The only aircraft that have a special airworthiness certificate are SLSA. Legacy airplanes like Cubs and Ercoupes do not, even though they meet the definition of an LSA by the FAA. These airplanes can't display "Light Sport" markings legally, even though they meet the LSA definition. Likewise experimentals may meed the LSA definition, but do not have Special Airworthiness certificates and should not display the Light Sport markings. Those markings are supposed to indicate that an airplane has a special airworthiness certificate, neither certified nor experimental. It's how you can tell Part 43 aircraft from SLSA from Experimental, even though all can be LSA.
Andy Walker
Athens, GA
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2007 Flight Design CTSW E-LSA

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Re: FAA Letter

Postby TimTaylor » Tue Dec 04, 2018 11:26 am

Technically, someone climbing into an airplane might want to know what kind of airplane it is. Short of reading the airworthiness certificate, the lettering near the entrance would tell them. They might be eager to get into an LSA, but not an experimental, etc.

And, of course, the problem is the FAA. It always is. After all, the FAA is a federal government agency.
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Re: FAA Letter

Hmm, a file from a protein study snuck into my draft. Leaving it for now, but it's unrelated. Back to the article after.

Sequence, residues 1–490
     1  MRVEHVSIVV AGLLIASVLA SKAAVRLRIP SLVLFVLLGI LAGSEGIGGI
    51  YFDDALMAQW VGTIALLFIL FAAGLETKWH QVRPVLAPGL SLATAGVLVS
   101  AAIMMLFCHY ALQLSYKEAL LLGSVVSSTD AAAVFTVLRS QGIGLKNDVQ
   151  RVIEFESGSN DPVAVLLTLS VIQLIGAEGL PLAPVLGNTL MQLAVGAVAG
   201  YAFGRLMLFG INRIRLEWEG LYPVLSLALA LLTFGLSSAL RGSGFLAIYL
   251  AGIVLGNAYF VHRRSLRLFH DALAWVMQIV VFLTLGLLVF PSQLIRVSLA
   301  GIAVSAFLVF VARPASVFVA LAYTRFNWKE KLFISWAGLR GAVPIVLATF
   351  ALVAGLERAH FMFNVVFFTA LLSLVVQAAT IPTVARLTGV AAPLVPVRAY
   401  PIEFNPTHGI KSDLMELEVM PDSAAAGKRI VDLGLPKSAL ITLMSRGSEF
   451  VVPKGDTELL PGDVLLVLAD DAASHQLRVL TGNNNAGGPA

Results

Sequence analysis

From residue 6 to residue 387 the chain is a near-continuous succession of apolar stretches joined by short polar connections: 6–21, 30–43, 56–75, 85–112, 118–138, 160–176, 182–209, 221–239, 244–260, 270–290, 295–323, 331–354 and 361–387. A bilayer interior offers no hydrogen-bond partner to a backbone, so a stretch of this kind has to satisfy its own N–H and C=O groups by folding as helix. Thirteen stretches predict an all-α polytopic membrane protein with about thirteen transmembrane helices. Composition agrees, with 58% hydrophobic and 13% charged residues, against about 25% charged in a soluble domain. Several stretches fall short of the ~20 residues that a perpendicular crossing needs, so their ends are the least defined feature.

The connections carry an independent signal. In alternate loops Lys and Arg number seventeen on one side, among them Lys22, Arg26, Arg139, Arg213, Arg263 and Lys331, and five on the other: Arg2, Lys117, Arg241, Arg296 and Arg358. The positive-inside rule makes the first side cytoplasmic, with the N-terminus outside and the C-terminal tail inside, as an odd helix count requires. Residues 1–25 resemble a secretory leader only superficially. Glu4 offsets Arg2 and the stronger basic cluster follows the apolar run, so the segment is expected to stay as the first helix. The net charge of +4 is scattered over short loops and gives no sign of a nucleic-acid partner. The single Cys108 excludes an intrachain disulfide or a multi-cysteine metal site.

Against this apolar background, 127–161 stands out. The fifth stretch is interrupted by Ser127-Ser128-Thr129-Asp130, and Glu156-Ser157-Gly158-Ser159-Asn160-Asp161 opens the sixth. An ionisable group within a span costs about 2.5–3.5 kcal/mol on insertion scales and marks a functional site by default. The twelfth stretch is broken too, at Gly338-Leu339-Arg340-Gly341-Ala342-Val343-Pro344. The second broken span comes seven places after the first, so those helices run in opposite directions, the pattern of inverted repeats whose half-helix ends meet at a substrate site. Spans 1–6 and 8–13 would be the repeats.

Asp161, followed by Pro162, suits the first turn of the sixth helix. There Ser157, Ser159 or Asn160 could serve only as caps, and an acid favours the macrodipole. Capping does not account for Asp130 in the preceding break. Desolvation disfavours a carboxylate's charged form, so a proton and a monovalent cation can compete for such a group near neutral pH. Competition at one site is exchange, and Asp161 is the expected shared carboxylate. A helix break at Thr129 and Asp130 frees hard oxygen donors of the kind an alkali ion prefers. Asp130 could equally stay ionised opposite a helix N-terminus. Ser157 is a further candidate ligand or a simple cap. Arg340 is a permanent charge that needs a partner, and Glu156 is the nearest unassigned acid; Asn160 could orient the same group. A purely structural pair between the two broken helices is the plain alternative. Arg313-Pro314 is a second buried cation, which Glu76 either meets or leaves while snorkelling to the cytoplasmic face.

Postby drseti » Tue Dec 04, 2018 11:31 am

MrMorden wrote:"Light Sport" is a marking specifically referring to an airplane with a "special" airworthiness certificate, and the "Experimental" lettering is specific to an airworthiness certificate in the experimental category, whether ELSA, EAB, or what have you.


I don't think that's entirely correct, Andy.

As I understand it, airworthiness certificates come in two flavors and colors: standard (white) and special (red). Standard Category ones are normally issued to certified aircraft (unless converted to Special for some specific purpose). Special will indicate "operating as" which may be Experimental Light Sport, Experimental Exhibition, Experimental Amateur Built. Special Flight Permit, Special Light Sport, etc. You gotta read the fine print on the Special Airworthiness Certificate to get the whole picture.
The opinions posted are those of one CFI, and do not necessarily represent the FAA or its lawyers.